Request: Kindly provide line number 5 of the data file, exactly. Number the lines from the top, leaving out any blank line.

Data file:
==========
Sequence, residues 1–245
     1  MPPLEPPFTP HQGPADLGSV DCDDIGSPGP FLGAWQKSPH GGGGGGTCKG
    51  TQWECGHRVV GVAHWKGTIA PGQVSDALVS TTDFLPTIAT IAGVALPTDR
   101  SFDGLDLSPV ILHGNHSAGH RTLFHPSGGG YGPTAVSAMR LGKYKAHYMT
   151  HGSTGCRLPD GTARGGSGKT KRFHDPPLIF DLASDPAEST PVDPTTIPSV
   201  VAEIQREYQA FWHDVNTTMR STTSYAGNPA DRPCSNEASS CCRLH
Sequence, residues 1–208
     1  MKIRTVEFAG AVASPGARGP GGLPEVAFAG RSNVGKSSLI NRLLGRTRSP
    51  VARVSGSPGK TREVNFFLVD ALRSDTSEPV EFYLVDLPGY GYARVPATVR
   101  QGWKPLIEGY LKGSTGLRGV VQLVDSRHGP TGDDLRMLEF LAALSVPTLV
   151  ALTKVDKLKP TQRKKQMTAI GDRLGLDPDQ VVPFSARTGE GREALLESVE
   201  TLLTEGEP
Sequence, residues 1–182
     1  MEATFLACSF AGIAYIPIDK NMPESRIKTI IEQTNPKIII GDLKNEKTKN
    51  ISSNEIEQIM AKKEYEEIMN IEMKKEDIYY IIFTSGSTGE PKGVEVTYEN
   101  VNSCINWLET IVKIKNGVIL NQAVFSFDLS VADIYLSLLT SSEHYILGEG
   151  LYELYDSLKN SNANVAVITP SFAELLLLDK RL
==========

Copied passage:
   151  HGSTGCRLPD GTARGGSGKT KRFHDPPLIF DLASDPAEST PVDPTTIPSV